Test anxiety is a common problem in students, children, and adults. Anyone can experience being stressed, feeling overwhelmed, or even can have negative thoughts before or during a test and have physical symptoms. Also, we can have different levels of anxiety, and sometimes we can experience positive results. We can have anxiety before a job interview, under stressful situations, with tragic events, before a game or performance, recital, etc. It can affect you physically, cognitively, emotionally, and behavioral.
Mild levels of anxiety can help your creativity and motivation. High levels of stress can cause negative feelings, can feel loss, have body symptoms, and your mind can go in the blank. Maybe you keep asking yourself,
What is TEST ANXIETY? How can it affect you? What can you do about it? What are some coping skills and tips? Let me tell you that you are in the right place; keep reading down below.
What is Test Anxiety?
It is a combination of physical symptoms and emotional reactions that interfere with your ability to perform well in tests. When you feel worried, nervous, or stressed when taking a quiz or a test, that’s anxiety. You can feel it everywhere. At this time of the year, all our students start testing for everything; even though they do it throughout the year, the type of testing they recently take is not the same. The pressure they may feel is bigger. Imagine that these tests determine if they move to the next grade depending on the year or don’t. Due to the pandemic, the test will not determine if the student passes the test at Texas this year. Probably that is an “ah” and relief for a lot of students or parents.
Another cause of test anxiety is that those virtual students can go into the building to take a standardized test. Also, that can cause another type of anxiety. Being surrounded by people in a facility for the first time with many people can be overwhelming.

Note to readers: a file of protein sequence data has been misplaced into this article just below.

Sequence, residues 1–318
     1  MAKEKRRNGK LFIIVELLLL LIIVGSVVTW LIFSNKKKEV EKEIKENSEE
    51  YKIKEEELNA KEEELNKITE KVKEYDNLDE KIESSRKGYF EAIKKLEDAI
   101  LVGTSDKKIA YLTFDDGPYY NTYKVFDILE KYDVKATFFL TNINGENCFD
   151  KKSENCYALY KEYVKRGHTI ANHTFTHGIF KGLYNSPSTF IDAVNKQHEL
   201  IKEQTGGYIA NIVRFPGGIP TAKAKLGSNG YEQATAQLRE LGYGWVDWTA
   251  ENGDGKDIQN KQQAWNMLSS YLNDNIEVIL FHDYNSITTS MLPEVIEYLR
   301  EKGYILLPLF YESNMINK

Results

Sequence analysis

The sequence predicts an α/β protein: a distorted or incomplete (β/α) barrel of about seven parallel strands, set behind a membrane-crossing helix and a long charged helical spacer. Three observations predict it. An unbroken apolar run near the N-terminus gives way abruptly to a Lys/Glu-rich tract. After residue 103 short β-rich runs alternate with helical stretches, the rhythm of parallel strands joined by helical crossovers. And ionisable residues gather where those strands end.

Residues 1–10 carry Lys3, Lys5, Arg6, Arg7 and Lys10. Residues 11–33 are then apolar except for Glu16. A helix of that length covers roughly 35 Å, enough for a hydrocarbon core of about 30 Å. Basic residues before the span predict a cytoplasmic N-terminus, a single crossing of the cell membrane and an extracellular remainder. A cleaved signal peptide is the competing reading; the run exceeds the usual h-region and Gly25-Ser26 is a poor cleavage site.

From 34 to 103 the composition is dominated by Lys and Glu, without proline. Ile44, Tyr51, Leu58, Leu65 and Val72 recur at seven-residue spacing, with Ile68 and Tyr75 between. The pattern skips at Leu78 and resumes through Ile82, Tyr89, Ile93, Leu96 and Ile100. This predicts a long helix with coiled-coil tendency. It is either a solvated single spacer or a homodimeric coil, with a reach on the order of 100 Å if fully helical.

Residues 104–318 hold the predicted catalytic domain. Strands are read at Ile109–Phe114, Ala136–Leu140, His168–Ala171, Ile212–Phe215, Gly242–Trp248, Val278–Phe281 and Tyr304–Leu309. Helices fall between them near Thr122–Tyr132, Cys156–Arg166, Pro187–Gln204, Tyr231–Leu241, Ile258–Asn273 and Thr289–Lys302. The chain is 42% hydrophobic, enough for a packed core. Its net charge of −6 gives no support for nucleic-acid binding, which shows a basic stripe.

Why is it important to cope well and control our symptoms?
If we can control how we feel or calm down fast, the stress can cause you to blank out, and you can remember anything, can cause you physical symptoms like shortness of breath, stomachache, headaches, excessive sweating, and more. Research has shown that students who can solve interpersonal problems and conflicts are less likely to engage in impulsive or aggressive behavior and perform better in assessments. Also, students who can self-regulate are better able to benefit from classroom instruction. We must learn how to recognize strong emotions and calm down to cope better and relax before, during, and after a test.
This presentation teaches students how to recognize strong emotions and calm down to cope better and relax before, during, and after a test. Students who can solve interpersonal problems and conflicts are less likely to engage in impulsive or aggressive behavior and perform better in assessments. Also, students who can self-regulate are better able to benefit from classroom instruction.
Here are some tips on how to reduce or overcome test anxiety.
- Be prepared– Have a good night’s sleep, eat a healthy breakfast the day of the test, study, materials ready,
2. Have a positive attitude & practice positive self-talk, superman pose & positive self-talk, tell yourself, “I can do it!” “I don’t need to be perfect, but I need to try my best.”
3. Use your coping skills to calm down,
a)Learn how to relax your body, pay attention to the signs.
b)Visualize yourself in your happy place.
c)Take deep breaths.
d)Get a sip of water.
e)Squeeze a stress ball.
f)Give yourself a massage on your head and neck.
a)Internalize how do you feel.
b)Get help from a teacher, trusted adult, or a friend.
c)Talk about your feelings, find solutions, and use your coping skills.
5.Take your time on the test and try your best.
Recommended books for test anxiety for children: See the video HERE
Recommended videos: https://www.youtube.com/watch?v=sDYx9qM_ygg&t=69s